Book Reviews

Book by Bob Segalman
Review by: Joyce E. Howland
Mentor/Unit Coordinator
SUNY Empire State College, Alfred Unit


What is life like for an individual with cerebral palsy (CP)? Dr. Bob Segalman provides vignettes of his struggles and successes in the short essays in this book. The outline of his life – attending public schools; earning bachelor’s and master’s degrees and a doctorate; marrying and, after 20 years, divorcing; working for the State of California for 30 years; retiring to do volunteer work – is not unusual. The intelligence, perseverance, courage, creativity and hard work required are not. With the assistance of his parents and many professionals, Segalman was able to overcome mobility and speech problems to educate himself, find work, and become successful. In addition, his work has made possible the development of a program that allows people with speech impediments to communicate clearly using the telephone.   

How did he accomplish so much despite a disability? While the essays usually are humorous and lighthearted, many provide insight into the struggles he and his parents faced and how they coped. This book provides readers with an example of what an individual with such a disability can accomplish and suggests ways they can help make this possible. Pieces by his mother and father talk about his childhood and suggest that constant effort by many people was required. The family was fortunate (and persistent) in finding a group of caring professionals who helped him lead a relatively normal life. He studied in regular public school classrooms. Despite serious difficulties in speaking clearly, he both read from the Torah and spoke at his Bar Mitzvah. 

The typical essay in this collection is short, has an element of humor, and is written in an easy-to-read, lively style. Many of these essays were printed previously in various newsletters and publications. Not all relate to life with a disability or have serious themes. For example, one discusses the messages that are found on vanity license plates. However, the majority provide insight into the problems of, and possible strategies for, dealing with physical limitations. Lessons shared may be helpful to both advisors and those coping with various disabilities, not just those with CP. For example, the article on “Solving Medical Problems in Midlife” explains the need for working with multiple medical specialists and offers ideas that an individual with a disability might use to help guide these professionals. The suggestions made are broadly applicable to people of all ages, although the details are specific to adults with CP.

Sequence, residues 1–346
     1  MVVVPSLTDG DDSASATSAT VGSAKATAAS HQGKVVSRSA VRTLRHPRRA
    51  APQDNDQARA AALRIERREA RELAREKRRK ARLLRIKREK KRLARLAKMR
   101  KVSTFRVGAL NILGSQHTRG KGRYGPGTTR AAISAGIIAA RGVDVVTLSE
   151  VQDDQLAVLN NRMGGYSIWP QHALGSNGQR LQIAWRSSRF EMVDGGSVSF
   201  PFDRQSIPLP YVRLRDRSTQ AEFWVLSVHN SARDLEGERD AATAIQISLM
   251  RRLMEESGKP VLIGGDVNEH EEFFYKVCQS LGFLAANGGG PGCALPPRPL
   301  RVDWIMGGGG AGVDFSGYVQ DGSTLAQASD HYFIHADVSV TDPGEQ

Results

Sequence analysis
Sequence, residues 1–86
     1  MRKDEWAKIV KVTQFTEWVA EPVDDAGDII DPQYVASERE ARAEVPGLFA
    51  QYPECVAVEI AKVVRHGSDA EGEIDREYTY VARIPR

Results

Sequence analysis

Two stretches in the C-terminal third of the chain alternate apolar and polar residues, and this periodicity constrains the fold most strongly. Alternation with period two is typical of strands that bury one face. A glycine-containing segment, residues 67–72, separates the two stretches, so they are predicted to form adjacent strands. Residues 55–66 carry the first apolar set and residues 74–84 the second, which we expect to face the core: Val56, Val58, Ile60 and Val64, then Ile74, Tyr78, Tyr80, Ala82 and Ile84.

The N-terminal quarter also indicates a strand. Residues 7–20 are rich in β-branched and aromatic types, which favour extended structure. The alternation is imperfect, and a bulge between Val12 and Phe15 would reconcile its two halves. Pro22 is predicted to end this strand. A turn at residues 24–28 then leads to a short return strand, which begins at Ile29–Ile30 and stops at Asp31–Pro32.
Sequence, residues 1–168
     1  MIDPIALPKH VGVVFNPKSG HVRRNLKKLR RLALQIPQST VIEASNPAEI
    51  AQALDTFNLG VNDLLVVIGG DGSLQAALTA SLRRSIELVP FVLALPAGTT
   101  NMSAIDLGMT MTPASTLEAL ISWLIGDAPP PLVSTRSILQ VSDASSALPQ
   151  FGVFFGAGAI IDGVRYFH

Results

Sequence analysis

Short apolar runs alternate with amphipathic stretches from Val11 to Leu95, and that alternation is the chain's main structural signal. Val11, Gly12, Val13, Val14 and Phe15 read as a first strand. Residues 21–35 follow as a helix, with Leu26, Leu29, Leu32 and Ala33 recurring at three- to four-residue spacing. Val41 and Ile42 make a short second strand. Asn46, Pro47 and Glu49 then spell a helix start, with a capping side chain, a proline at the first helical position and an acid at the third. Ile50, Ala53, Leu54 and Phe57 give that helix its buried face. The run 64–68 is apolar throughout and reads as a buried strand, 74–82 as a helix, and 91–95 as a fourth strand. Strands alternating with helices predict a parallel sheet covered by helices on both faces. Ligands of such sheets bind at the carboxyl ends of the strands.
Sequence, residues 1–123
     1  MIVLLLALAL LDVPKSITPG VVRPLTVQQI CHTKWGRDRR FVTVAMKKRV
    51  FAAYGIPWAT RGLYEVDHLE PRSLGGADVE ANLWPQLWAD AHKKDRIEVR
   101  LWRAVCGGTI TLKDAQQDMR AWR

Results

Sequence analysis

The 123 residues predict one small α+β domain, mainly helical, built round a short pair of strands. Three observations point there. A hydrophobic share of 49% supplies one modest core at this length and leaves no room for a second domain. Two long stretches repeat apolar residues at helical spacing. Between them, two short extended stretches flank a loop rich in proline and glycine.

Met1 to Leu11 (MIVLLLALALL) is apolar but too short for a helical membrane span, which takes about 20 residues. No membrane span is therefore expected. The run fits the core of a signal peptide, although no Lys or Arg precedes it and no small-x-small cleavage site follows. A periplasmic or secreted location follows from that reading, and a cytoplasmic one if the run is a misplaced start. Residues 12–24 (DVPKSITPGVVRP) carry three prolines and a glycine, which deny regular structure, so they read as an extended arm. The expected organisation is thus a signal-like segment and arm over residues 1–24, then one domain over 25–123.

Dr. Segalman ends with “Words of Advice” bullet points on how a young person can reduce the problems that disabilities cause. These should be required reading for advisors and their students. If heeded, they could reduce the difficulties students with disabilities face in completing their degrees and succeeding in life.  

The book is obviously relevant to individuals with Cerebral Palsy and to the parents, caregivers, doctors, and professionals who interact with them. It suggests the types of activities and accomplishments that are possible. However, Dr. Segalman is careful to note that different people have different capabilities and thus his path is suggestive of what can be done rather than a set of specific recommendations. In addition, the book can be used in courses or discussions about disabilities and to expand the view of what people with disabilities can do in schools, public organizations, or in corporate situations.


Against the Current: My Life With Cerebral Palsy, (2009). Book by Bob Segalman. Review by Joyce E. Howland. Verona, WI: Full Court Press. 159 pp. $ 19.00. ISBN 1-57861-675-1
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